May 24, 2017

Saving Lives through Surgery: Part Two

Written by Hunter Isgrig, Digital Campaign Producer, Crowd 360

This Conversation is the second of three in a series to underscore the importance of #safesurgery. More than 5 billion people worldwide lack access to basic surgical services. Advocates, project implementers and thought leaders from around the world are convening at the 70th World Health Assembly (May 22-31), bringing to the attention of key decision makers the needs and potential collaborative solutions for funding safe surgery initiatives around the world.

Part two of this Conversation series looks at the direct implications of safe surgery on mothers and children. FHI 360’s technical expert on maternal health, Dr. Patsy Bailey, discusses this further:

Q: What role does safe surgery play in averting maternal death and disability?

“Safe surgery, both obstetric and non-obstetric, saves women’s and fetal/newborn lives.  The most recent global estimate of the number of maternal deaths per year is 303,000.  Of these, 60% worldwide are caused by four major causes: antepartum and postpartum hemorrhages, hypertensive diseases in pregnancy, puerperal sepsis and unsafe abortions.  And all four of these clinical conditions will require or could require surgical interventions. According to a World Bank study, 40% of maternal deaths could be averted with comprehensive emergency obstetric care, often equated with obstetric surgery and blood transfusion. With rapid appropriate interventions, saving the mother’s life directly affects the survival of her newborn baby and the well-being of older children.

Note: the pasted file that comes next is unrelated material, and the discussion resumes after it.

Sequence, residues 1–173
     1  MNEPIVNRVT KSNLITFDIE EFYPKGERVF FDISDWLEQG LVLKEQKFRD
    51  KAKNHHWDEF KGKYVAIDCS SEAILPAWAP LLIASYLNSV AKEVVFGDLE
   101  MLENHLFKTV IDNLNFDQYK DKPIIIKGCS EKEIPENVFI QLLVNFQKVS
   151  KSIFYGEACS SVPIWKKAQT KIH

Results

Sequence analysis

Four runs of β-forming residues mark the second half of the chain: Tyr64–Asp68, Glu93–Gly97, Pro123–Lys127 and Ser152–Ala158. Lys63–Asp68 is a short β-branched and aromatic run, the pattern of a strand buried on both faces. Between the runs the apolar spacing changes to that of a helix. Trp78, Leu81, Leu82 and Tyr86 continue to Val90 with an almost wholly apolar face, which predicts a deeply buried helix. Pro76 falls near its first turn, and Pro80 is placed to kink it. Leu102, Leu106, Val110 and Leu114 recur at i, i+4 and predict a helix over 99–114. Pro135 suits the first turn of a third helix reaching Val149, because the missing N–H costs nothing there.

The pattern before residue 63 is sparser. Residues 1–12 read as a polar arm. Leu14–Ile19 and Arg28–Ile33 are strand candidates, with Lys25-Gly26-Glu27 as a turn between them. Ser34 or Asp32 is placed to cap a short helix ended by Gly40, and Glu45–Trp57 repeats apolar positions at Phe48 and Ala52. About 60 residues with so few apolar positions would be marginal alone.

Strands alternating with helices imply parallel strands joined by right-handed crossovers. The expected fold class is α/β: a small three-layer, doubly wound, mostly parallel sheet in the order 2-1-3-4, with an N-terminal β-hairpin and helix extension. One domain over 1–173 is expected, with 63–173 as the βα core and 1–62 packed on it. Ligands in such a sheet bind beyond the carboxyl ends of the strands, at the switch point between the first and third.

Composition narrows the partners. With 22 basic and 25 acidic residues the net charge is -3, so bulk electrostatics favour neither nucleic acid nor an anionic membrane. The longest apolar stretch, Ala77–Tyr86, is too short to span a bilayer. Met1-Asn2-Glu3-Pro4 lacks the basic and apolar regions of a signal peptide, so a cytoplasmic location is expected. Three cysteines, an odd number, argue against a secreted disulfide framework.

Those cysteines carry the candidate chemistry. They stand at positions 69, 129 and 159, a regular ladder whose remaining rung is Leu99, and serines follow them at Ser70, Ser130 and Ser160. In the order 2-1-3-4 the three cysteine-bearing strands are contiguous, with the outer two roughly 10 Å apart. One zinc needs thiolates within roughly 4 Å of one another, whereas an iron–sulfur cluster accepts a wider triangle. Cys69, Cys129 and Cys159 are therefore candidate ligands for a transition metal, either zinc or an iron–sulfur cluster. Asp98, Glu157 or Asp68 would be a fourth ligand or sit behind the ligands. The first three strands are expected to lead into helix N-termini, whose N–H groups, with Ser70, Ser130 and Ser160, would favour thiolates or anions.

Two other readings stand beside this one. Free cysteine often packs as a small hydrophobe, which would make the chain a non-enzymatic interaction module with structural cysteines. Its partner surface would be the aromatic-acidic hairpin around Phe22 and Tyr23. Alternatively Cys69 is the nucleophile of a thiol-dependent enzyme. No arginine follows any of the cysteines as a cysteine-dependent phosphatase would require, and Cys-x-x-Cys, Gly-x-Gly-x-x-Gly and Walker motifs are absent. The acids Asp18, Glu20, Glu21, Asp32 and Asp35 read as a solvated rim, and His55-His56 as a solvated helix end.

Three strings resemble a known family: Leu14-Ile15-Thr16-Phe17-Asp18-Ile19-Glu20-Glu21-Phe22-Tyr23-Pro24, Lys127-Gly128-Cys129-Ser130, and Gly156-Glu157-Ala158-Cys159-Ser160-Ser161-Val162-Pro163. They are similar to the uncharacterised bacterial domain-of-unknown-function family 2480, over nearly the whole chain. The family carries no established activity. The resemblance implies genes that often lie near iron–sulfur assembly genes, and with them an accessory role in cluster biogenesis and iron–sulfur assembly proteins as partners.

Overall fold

Safe obstetric surgery means effectively treating emergency clinical conditions in an environment with high levels of infection prevention, adequate equipment, drugs and supplies for anesthesia, surgery and post-op, experienced skilled anesthetists, and surgeons or surgical surrogates such as emergency surgical officers and other associate clinicians. Safe surgery also means “do no harm” and performing surgery only when medically indicated. The rapid increase in the cesarean delivery rate, alongside the increased safety and access to surgery, has produced an epidemic of cesarean deliveries in many countries and among women of the highest economic quintiles.

Although cesarean delivery can be life-saving for the woman, the fetus, or both in certain cases, the accelerating rate of cesarean deliveries has failed to produce evidence of continued decreases in maternal and neonatal mortality or morbidity. In fact, the evidence suggests the opposite and raises significant concern that cesarean delivery is being overused.

The challenge lies in righting the inequities of access to high quality surgical care, while ensuring that all women receive the care they deserve.”



Read part one of the series >>
Read part three of the series >>